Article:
How we change what others think, feel, believe and do
The layout of seating in a room where you are presenting can have significant effects on the people, the comfort they feel and attention they pay to you.
The standard layout for presentations to many people is in the format of the school hall, where rows of seats all face the front. The same layout is used in theaters, lecture halls, movies and other environments where the general goal is to pack as many people as possible into a limited space and focus their attention in one direction.
This is often the best layout when you have many people, but it does have limitations. The closeness makes getting to a seat difficult, forcing people to tread on others' toes and invade their body space. It also constrains interaction between people, which can be good or bad, depending on your purpose.
Variants on the School Hall include raking the seats for better view and curving the audience, surrounding the performer and allowing more people to be closer in, as in the Roman Coliseum on which all modern stadia are based.
A common variant on the School Hall is the Classroom, where the rows of chairs each have tables in front of them. This takes up more space but allows people to rest books and drinks in front of them, allowing them to read and write as needed. A question for this is how many desks are adjacent, with what aisles between them.
The Classroom gives delegates a social barrier between them and people in front of and behind them. People close behind can be particularly discomforting, as primitive responses cause us to fear unseen attacks.
In the cafeteria style, tables (often round) are scattered around the hall, with chairs around them as in a café or restaurant. If people are going to be mostly facing the front, do not put chairs that face backwards. Thus most tables will have about 270' used for chairs.
The Cafeteria style forms groups of people who will naturally interact. You can allocate specific people to put friends together. You can break up social groups (and form new ones) by getting people to sit with people they do not know. Or you can just let them sort themselves out. Each has its pros and cons and depends on what you seek to do with your audience.
This layout gives an informal style in which people can feel comfortable. Do not spoil this by cramming in too many tables or too many chairs per table. If you have too many people, you may have to revert to a Classroom.
Many rooms are rectangular and a rectangular table fits well into this space. The table may be solid all the way across or may be a set of smaller tables placed end-to-end (this is more common in larger rooms).
The shape of the rectangle can be significant, as rectangles which are long and narrow lead to people being unable to see one another on the same side. It also can create an us-and-them situation where people are facing each other across the table.
Long tables can also be awkward for delegates who are often looking at you sideways. If they need to write, people on the left hand side (looking from the front of the room) who are right-handed may have to stretch to write things down.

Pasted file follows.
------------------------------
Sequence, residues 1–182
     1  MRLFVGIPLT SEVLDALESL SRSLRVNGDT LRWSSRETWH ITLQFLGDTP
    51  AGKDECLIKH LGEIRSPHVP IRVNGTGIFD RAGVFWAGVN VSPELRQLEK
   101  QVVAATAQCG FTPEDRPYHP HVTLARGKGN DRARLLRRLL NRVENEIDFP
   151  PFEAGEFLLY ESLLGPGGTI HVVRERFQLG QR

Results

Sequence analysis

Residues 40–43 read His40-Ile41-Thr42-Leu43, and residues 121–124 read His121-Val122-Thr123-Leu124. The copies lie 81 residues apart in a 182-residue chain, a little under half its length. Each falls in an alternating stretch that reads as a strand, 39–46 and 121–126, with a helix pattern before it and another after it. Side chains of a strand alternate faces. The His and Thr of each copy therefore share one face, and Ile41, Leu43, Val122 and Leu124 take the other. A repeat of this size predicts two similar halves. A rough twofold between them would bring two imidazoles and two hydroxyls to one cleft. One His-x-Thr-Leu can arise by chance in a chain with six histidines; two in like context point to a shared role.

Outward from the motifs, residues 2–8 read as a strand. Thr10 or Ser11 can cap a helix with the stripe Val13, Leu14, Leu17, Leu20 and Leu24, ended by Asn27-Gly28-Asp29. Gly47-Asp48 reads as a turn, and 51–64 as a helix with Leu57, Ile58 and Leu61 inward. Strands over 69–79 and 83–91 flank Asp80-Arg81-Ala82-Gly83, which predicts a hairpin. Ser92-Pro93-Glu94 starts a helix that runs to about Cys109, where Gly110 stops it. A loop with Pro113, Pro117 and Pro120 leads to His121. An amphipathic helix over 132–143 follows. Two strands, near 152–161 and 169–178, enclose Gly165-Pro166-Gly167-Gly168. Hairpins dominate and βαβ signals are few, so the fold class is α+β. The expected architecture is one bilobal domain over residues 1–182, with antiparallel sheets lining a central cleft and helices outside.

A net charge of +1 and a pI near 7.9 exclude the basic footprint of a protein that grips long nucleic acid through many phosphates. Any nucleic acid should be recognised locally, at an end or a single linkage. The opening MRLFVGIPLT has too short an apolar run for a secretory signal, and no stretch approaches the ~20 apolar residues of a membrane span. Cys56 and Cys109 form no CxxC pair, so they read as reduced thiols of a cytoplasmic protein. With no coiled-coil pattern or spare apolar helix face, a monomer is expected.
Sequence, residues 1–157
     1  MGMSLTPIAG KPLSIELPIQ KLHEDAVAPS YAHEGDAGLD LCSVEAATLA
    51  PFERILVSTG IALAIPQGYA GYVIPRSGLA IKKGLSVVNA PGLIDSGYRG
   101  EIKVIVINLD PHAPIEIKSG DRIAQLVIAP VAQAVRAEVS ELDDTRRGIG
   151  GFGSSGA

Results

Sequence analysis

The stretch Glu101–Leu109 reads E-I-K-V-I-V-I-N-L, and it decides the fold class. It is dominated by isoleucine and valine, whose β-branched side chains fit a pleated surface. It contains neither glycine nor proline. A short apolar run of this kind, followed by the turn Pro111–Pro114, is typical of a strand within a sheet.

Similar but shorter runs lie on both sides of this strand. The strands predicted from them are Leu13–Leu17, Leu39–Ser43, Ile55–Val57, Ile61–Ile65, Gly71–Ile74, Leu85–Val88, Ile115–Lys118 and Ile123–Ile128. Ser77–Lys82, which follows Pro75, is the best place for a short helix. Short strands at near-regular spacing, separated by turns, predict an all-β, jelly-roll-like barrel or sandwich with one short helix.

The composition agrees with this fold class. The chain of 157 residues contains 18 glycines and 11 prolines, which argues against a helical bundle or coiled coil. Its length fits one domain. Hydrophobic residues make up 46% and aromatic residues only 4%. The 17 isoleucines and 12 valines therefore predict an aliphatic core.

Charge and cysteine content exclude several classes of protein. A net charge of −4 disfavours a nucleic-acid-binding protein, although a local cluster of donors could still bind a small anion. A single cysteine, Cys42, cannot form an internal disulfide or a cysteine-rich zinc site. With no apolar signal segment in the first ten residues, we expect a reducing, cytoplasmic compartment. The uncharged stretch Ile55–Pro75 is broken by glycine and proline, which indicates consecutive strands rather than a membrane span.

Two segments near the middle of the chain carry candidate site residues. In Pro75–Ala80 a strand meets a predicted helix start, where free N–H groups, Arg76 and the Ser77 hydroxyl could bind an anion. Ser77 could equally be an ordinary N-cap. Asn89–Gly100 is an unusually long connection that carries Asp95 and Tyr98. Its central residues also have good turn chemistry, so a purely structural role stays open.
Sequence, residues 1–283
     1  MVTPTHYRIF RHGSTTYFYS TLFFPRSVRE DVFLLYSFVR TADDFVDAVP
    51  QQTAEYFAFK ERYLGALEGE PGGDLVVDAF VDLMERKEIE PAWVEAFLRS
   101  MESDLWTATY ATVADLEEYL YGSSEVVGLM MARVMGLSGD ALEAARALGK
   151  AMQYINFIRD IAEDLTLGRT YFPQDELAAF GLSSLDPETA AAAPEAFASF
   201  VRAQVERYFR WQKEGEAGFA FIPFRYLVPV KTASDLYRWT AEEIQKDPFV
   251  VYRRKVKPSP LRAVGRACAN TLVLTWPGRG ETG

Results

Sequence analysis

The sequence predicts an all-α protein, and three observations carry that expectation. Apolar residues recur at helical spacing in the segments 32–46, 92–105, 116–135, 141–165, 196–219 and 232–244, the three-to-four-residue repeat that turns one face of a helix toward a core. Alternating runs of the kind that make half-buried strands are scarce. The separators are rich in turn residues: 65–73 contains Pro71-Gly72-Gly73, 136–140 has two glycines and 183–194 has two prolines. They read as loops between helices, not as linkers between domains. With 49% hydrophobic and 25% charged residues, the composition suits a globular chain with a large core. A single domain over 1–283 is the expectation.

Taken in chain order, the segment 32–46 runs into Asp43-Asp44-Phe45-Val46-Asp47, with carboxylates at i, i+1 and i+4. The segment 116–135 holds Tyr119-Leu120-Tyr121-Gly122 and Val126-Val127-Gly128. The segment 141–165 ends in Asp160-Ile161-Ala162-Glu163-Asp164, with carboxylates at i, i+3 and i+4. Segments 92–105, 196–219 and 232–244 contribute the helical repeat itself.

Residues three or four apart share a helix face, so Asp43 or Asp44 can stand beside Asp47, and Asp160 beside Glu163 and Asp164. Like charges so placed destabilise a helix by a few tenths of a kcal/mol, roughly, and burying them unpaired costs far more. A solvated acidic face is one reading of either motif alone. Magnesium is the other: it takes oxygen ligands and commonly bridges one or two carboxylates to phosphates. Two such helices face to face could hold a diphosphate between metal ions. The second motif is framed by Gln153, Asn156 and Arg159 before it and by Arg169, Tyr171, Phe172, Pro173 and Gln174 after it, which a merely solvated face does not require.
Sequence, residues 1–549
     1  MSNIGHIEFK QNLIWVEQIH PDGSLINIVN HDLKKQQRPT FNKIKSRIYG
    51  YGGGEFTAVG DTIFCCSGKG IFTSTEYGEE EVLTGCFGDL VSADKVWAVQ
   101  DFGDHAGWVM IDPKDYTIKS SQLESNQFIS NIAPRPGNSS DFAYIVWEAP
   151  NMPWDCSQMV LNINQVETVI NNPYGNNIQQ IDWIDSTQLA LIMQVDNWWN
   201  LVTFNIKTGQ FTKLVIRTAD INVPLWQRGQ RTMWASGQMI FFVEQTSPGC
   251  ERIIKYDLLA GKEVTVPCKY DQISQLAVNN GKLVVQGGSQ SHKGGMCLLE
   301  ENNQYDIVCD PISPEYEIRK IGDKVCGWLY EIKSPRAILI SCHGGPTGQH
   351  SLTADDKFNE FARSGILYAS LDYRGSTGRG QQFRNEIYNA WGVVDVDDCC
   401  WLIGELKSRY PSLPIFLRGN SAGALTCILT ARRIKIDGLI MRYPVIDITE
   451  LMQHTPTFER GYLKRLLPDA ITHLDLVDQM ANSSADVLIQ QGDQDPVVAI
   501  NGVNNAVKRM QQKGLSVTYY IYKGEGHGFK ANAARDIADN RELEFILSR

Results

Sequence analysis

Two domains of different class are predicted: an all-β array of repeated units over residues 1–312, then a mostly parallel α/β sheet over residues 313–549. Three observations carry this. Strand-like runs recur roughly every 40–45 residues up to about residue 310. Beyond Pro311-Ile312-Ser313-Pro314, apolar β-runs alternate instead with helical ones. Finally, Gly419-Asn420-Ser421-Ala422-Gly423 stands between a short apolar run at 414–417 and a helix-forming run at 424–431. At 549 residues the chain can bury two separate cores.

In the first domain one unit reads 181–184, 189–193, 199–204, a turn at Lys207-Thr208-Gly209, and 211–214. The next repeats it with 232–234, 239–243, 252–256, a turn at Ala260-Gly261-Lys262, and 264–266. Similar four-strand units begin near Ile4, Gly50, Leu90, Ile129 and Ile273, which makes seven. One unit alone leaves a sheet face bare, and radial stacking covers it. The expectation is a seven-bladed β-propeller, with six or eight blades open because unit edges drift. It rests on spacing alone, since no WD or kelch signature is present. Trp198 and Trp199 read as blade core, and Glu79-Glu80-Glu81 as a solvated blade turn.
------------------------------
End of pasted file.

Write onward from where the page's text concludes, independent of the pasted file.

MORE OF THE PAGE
Rectangles also have power positions. People at the narrower ends can see others better, and such places are assumed to have more authority vested in them. Middles of sides also are more powerful, as the person here can look equally left and right to see everyone.
A minor variant on the Rectangle is the U-shaped layout. This takes a rectangle and chops off one end, preventing people from sitting with their backs to you.
If you are using a U-shape, but have a table at the front, you still have many of the disadvantages of the rectangle. You can obviate this by ensuring you can walk into the middle of the U, so you can go and talk individually to people or small groups. This can become a far more interactive and dynamic environment.
The Round Table, as so nobly noticed by King Arthur, is a very equal structure. No one person has a power position, as in the Rectangle. This sense of equality can be very empowering as it negates power jostling.
The Round Table also allows everyone to see pretty much everyone else.
The ellipse is like a 'squashed circle'. It has the power elements of rectangles at ends and middle-sides, but it does address the problem of rows of people not being able to see one another, which is important for conversation.
A big advantage of the ellipse is that it fits better into a rectangular room than a circle, which can make it a useful compromise.
The Open Circle is just that -- an open circle of chairs without any table. This can be very disconcerting, as we use tables as protective barriers to psychologically 'defend' ourselves from others. Tables also hide our lower body, where we often displace our anxious body language whilst we hold our upper bodies firmly to order (watch out for those tightly crossed legs!).
This structure is widely used in therapeutic groups, where the goal is to open people up and help them share their inner feelings.
Even better than the School Hall for packing people in is the Rock Concert, where there are no tables or chairs and people either stand or sit on the floor. This gives a dynamic environment where people can move about and where they are forced to stand very much in one another's body space. This is not necessarily a bad thing and can lead to crowd effects, where the audience become emotionally connected and can be moved as one. Political meetings sometimes use this principle.
Finally, you can hold meetings anywhere. Informal setting can include the park, a local coffee-shop, the end of an office with people perched on various tables and so on. Ad hoc meetings are often temporary or otherwise short-term. They have a sense of reality as their settings are in non-isolated places. They may be 'gather round, folks!' meetings or grabbing a bunch of people and 'let's find a space'.
And the big